Instantly, all three doffed their hats and it would seem I had done them a service by asking for a light. Ergo: the same people would be happy to cry bravo for me if I merely addressed a friendly, let alone, flattering word to them; as it is, they cry pereat [he shall perish!] and are defiant… All it amounts to is play-acting. But how invaluably interesting to have one’s knowledge of human psychology enriched in this way.

The Diary of Søren Kierkegaard may be short in both pages and lifetime covered, but it is a treasure trove of equally penetrating insights into the human experience. Complement it with Kierkegaard on our greatest source of unhappiness, then revisit Anne Lamott’s brilliant modern manifesto for handling haters.

It’s been a few weeks since I have done a weekly round up of all my internet activities. I think it is mostly because Sundays are busy for me now and I don’t have the extra time, unless I preload it Saturday night.

Last week on Waldina, I celebrated the birthdays of Harris Glenn Milstead (Divine), George C. Scott, Montgomery Clift, Rita Hayworth, Jean Arthur, Angela Lansbury, Linda Darnell, Oscar Wilde and Ed Wood.

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All Time Views: 132,633
Most Popular Post This Week: Happy Birthday Doris Duke
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Happy Birthday Harris Glenn Milstead

Today is the 69th birthday of Harris Glenn Milstead, known the world over as the drag queen/performance artist/actor/personality called “Divine.”  I was first introduced to Divine through the subscription of Interview Magazine I had while I was in high school.  This lead to renting the early John Waters movies and so forth.  I adore anyone who is fearless, who is in on the joke, and who plows forward.  Divine had all of those qualities and many more.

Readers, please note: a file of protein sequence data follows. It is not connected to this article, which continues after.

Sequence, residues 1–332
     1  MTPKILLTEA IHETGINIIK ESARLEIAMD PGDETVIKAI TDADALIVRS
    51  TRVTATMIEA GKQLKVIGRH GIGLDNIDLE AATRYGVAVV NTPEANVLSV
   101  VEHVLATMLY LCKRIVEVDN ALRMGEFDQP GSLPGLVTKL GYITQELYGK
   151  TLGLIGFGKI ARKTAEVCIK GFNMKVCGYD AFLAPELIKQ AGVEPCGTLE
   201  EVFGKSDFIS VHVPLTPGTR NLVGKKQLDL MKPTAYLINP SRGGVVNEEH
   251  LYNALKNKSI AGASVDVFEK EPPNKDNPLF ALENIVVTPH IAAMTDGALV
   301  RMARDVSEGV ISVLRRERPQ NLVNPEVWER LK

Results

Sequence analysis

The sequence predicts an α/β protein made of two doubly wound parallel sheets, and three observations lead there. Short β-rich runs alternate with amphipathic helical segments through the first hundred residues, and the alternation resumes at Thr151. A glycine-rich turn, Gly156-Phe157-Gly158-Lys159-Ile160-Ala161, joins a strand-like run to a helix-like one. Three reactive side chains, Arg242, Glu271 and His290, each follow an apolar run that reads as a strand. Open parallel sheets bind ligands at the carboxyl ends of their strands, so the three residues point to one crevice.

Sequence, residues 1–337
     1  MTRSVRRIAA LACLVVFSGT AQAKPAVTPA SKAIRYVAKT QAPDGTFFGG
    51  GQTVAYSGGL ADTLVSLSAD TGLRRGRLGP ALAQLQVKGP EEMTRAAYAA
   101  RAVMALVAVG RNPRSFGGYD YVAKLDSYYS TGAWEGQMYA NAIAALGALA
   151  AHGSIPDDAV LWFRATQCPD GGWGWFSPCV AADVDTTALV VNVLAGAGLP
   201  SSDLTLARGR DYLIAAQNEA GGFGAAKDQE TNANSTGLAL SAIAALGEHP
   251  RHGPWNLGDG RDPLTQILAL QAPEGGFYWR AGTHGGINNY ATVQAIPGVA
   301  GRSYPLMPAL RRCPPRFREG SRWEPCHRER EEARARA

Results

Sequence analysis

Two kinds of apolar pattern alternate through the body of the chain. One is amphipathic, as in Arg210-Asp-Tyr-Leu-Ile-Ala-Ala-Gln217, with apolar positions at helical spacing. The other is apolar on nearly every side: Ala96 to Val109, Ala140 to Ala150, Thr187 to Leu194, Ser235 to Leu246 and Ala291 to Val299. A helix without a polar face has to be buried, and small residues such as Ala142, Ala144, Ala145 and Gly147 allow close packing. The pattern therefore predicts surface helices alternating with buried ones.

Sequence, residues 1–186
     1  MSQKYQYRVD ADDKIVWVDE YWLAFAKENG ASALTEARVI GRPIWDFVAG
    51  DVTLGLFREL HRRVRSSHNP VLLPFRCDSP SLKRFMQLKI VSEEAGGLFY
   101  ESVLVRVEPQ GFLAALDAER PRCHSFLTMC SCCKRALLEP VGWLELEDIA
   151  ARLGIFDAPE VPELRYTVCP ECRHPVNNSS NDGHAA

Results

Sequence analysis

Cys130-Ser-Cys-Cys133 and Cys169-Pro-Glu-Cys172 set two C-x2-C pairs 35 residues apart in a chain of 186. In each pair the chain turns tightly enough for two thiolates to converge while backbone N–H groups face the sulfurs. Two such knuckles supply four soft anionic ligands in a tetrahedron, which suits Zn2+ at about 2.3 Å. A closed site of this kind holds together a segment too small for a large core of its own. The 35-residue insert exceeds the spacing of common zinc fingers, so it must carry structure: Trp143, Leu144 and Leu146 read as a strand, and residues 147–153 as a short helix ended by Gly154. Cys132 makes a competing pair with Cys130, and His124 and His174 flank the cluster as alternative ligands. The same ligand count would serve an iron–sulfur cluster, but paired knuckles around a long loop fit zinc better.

divine5

NAME: Harris Glenn Milstead
BORN: October 19, 1945
BIRTHPLACE: Towson, MD
DIED: March 7, 1988
LOCATION AT DEATH: Los Angeles, CA
CAUSE OF DEATH: Respiratory failure
REMAINS: Buried, Prospect Hill Cemetery, Towson, MD

Divine (October 19, 1945 – March 7, 1988), born Harris Glenn Milstead, was an American actor, singer and drag queen. Described by People magazine as the “Drag Queen of the Century”, Divine often performed female roles in both cinema and theater and also appeared in women’s clothing in musical performances. Even so, he considered himself to be a character actor and performed male roles in a number of his later films. He was often associated with independent filmmaker John Waters and starred in ten of Waters’s films, usually in a leading role. Concurrent with his acting career, he also had a successful career as a disco singer during the 1980s, at one point being described as “the most successful and in-demand disco performer in the world.”